sure, they all would love to spy on you, but hey - eventually they'll accept the cold hard facts ! :confused
auto-updates can usually be disabled in the settings, which is a good idea anyway.

ymmv, but my DAWs have always been strictly offline since the 90s, and I wouldn't want it any other way !
Rhino
 

zekmoe

Member
Messages
10,937
There is an affordable desktop computer that I am eyeing up. It is $599 on sale. It is an Acer.

  • 2.9 GHz Intel Ci5-10400 processor and 12 GB DDR4 RAM offer good power to easily handle your day-to-day multitasking
  • 1 TB hard disk drive offer plenty of storage space for your files, media and applications
  • 10/100/1000 Gigabit Ethernet port, 802.11ax/ac/a/b/g/n, Wi-Fi 6, and Bluetooth 5.1 offer seamless and efficient connectivity options
  • One card reader, 5 audio jacks, 1 USB 3.2 Gen 1 Type-C port, 5 USB 3.2 Gen 1 Type A ports, 2 HDMI ports, 1 LAN port, 4 USB 3.2 Gen 1 Type A ports, 2 USB 2.0 Type A ports offer plenty of options for external device connectivity
  • High definition audio output with 5.1 channel audio support lets you enjoy incredible sound
  • Preinstalled with Windows 10 Home operating system that features sophisticated apps and advanced security features
  • Includes a keyboard and a mouse for convenience

This will be much better than our current laptop (AMD processor), I assume????

I want to buy it today.......


I realize this isn't a $3500 pro studio level computer, but in my experience, I do not require that level of gear.
It will probably work fine but more memory in my experience is better. See if you can go a bit higher for 16-32gb.
Pro studio systems are 10-20k easily. When you add protools or Dante gear, more.
 

ProfRhino

Member
Messages
6,814
It will probably work fine but more memory in my experience is better. See if you can go a bit higher for 16-32gb.
Pro studio systems are 10-20k easily. When you ad protools or Dante gear, more.
true, but there is a huge, more reasonable middle ground for all of us, including smaller commercial studios.
a player who only wants to jam to playbacks and occasionally record himself will be perfectly fine with a small DIY solution (see above), Studio One or Cubase Artist and a decent interface.
1000 - 1500 credits all in all, if you need to buy everything new.

16GB are affordable, and plenty, unless you use large sample libraries - but I wouldn't want to go lower either.
I use Superior 3, Kontakt and a few other heavy sample players on a regular basis, and never maxed out my 32GB yet, not even remotely. :dunno
but I'm doing "traditional", often guitar based material, no dance, hiphop or EDM.

ymmv,
Rhino
 

eclecto-acoustic

Coal-hating feral hippie
Platinum Supporting Member
Messages
10,215
none of the major players, afaics. :dunno
do you have an example ?
sure, they all would love to spy on you, but hey - eventually they'll accept the cold hard facts ! :confused
auto-updates can usually be disabled in the settings, which is a good idea anyway.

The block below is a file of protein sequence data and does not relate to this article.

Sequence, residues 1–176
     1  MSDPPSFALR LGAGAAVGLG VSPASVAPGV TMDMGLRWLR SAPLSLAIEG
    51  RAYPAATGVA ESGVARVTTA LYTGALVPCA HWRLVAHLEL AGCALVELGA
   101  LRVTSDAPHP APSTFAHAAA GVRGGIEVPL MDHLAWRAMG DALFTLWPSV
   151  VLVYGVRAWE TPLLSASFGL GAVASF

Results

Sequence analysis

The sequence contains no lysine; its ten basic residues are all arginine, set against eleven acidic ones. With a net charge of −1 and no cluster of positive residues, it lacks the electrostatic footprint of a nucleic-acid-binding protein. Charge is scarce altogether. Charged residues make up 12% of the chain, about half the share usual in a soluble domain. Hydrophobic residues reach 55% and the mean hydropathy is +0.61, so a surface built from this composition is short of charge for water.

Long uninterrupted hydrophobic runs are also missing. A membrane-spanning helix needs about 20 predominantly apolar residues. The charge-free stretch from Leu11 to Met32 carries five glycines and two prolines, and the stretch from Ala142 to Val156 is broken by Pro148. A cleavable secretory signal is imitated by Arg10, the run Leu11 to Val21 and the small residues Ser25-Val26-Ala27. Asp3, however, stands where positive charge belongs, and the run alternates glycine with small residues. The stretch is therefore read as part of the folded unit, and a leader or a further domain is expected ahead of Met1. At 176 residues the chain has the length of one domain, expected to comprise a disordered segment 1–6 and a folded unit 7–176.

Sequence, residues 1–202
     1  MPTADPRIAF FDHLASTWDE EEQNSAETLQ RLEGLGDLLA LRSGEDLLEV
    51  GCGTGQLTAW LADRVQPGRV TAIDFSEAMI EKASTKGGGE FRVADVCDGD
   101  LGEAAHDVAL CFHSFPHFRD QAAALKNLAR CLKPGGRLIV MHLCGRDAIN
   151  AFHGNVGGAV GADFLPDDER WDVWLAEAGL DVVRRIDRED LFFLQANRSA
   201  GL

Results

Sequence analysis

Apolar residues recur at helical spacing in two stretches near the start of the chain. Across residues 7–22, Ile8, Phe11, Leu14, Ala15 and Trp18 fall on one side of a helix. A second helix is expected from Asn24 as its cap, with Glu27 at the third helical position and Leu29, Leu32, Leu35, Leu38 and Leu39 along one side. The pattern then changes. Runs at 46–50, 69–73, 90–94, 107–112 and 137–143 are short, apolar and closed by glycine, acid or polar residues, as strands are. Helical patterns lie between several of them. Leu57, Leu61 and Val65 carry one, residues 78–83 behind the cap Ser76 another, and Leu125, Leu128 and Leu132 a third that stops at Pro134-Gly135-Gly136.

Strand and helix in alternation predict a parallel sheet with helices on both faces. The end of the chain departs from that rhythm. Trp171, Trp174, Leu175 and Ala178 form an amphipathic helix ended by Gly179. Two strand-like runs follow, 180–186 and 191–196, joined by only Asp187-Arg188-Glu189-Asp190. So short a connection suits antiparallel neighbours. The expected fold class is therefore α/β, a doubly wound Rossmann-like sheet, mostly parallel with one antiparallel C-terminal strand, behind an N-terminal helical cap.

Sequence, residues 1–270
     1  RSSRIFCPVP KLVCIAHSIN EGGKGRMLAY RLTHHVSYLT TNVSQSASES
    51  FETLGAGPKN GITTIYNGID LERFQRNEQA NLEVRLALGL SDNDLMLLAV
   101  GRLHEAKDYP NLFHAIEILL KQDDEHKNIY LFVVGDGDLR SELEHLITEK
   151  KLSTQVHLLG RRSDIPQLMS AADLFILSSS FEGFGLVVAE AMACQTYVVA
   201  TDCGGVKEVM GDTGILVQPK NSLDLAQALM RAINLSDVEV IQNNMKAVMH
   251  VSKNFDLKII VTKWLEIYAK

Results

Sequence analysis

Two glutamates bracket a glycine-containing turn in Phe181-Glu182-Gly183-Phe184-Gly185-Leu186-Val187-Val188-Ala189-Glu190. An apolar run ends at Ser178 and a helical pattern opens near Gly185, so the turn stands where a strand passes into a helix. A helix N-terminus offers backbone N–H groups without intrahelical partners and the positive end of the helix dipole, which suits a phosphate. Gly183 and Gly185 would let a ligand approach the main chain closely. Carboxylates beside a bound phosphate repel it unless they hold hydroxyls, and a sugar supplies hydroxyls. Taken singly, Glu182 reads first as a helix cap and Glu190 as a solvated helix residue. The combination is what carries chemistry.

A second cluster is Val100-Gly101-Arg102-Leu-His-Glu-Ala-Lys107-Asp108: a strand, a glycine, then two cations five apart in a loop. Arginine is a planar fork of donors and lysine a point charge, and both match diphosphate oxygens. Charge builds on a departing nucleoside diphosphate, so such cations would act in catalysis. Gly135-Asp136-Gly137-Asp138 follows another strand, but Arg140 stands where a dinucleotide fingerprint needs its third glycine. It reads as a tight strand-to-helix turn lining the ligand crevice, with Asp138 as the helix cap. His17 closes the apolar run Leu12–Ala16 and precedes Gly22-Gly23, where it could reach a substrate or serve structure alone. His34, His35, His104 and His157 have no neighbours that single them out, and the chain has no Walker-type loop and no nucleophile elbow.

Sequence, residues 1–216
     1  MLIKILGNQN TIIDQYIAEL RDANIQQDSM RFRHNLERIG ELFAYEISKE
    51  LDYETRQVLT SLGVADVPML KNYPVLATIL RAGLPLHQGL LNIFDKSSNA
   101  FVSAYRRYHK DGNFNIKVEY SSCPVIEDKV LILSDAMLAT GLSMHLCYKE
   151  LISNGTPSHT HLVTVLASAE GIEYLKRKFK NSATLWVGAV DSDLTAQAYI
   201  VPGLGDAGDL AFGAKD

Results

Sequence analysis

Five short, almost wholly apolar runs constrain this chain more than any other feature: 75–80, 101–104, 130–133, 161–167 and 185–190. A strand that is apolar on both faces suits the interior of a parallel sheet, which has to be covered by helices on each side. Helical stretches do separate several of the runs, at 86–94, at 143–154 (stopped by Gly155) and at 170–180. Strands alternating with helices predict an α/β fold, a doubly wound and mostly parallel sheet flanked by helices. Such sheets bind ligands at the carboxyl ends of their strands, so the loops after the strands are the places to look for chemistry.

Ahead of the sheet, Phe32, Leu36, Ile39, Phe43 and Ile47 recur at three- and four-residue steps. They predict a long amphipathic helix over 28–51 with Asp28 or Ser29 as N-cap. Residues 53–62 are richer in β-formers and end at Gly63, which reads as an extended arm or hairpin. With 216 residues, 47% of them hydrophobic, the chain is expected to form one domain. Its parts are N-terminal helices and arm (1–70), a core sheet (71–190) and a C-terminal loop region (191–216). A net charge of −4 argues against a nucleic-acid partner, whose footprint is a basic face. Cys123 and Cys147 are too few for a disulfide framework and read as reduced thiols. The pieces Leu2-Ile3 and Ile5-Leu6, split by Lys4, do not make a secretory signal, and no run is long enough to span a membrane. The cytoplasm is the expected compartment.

ymmv, but my DAWs have always been strictly offline since the 90s, and I wouldn't want it any other way !
Rhino
As you mentioned above, NI was one of them. Anything iLok will use that system. Arturia has their own software center that does online activation...which has caused problems for some folks in the past, especially if you happen to get and try to activate your software during a busy season. They also offer an offline activation option, but it's a different process still.

My main point was that I just wish everyone did a simple machine-lock license with the option for a dongle for those that travel with their licenses. I've read more than a few horror stories of mission-critical software on offline machines that crap the bed and lose their license keys. It might be a vanishing minority, but it's not a problem anyone wants to deal with EVER.
 

ProfRhino

Member
Messages
6,814
As you mentioned above, NI was one of them. Anything iLok will use that system. Arturia has their own software center that does online activation...which has caused problems for some folks in the past, especially if you happen to get and try to activate your software during a busy season. They also offer an offline activation option, but it's a different process still.

My main point was that I just wish everyone did a simple machine-lock license with the option for a dongle for those that travel with their licenses. I've read more than a few horror stories of mission-critical software on offline machines that crap the bed and lose their license keys. It might be a vanishing minority, but it's not a problem anyone wants to deal with EVER.
well, iLok is dongle only for me (so trouble free), their machine activation sucks.
Arturia offline is completely painless (ok, avoid the few super busy days for activation - no big deal).
I always use the individual installers, "download assistants" are a nightmare. :hide2
NI lost my business for good (I used to buy Komplete Krap for many years in the past), I've found valid / better replacements for all their stuff, except for a handful of Kontakt libraries I still use, fortunately K5 is still activated from better days.
If this will stop working one day, I'll switch to Halion, VSL or a similar, dongle based solution. :dunno

the internet is full of horror stories that are almost impossible to verify, I go by 25 years of personal experience instead, and that of local colleagues who use my systems / services, all offline (with two exceptions).
it's more of a neighborhood help thing though, not a commercial operation - I do their computers, and they fix my car or do my garden.

we can certainly agree that options are always a good thing ! :aok
else, ymmv of course,
Rhino